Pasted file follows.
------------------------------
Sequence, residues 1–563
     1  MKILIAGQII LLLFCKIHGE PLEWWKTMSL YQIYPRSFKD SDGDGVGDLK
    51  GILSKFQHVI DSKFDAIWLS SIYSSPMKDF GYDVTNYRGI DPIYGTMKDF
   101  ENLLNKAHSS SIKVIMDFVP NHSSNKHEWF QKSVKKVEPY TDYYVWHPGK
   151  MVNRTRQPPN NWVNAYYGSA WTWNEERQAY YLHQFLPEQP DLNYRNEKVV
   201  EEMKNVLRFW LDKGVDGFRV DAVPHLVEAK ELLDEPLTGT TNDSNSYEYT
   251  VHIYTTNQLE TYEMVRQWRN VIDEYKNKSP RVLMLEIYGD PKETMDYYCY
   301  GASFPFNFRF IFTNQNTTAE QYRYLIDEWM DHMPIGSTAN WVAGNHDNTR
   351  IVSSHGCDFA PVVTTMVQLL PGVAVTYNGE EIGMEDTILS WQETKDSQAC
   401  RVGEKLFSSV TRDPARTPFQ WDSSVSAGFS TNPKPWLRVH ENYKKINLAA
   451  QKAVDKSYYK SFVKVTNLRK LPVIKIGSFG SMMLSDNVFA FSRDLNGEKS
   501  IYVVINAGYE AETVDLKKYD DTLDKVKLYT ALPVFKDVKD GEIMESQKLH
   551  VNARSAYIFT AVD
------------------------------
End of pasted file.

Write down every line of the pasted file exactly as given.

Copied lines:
Sequence, residues 1–563
     1  MKILIAGQII LLLFCKIHGE PLEWWKTMSL YQIYPRSFKD SDGDGVGDLK
    51  GILSKFQHVI DSKFDAIWLS SIYSSPMKDF GYDVTNYRGI DPIYGTMKDF
   101  ENLLNKAHSS SIKVIMDFVP NHSSNKHEWF QKSVKKVEPY TDYYVWHPGK
   151  MVNRTRQPPN NWVNAYYGSA WTWNEERQAY YLHQFLPEQP DLNYRNEKVV
   201  EEMKNVLRFW LDKGVDGFRV DAVPHLVEAK ELLDEPLTGT TNDSNSYEYT
   251  VHIYTTNQLE TYEMVRQWRN VIDEYKNKSP RVLMLEIYGD PKETMDYYCY
   301  GASFPFNFRF IFTNQNTTAE QYRYLIDEWM DHMPIGSTAN WVAGNHDNTR
   351  IVSSHGCDFA PVVTTMVQLL PGVAVTYNGE EIGMEDTILS WQETKDSQAC
   401  RVGEKLFSSV TRDPARTPFQ WDSSVSAGFS TNPKPWLRVH ENYKKINLAA
   451  QKAVDKSYYK SFVKVTNLRK LPVIKIGSFG SMMLSDNVFA FSRDLNGEKS
   501  IYVVINAGYE AETVDLKKYD DTLDKVKLYT ALPVFKDVKD GEIMESQKLH
   551  VNARSAYIFT AVD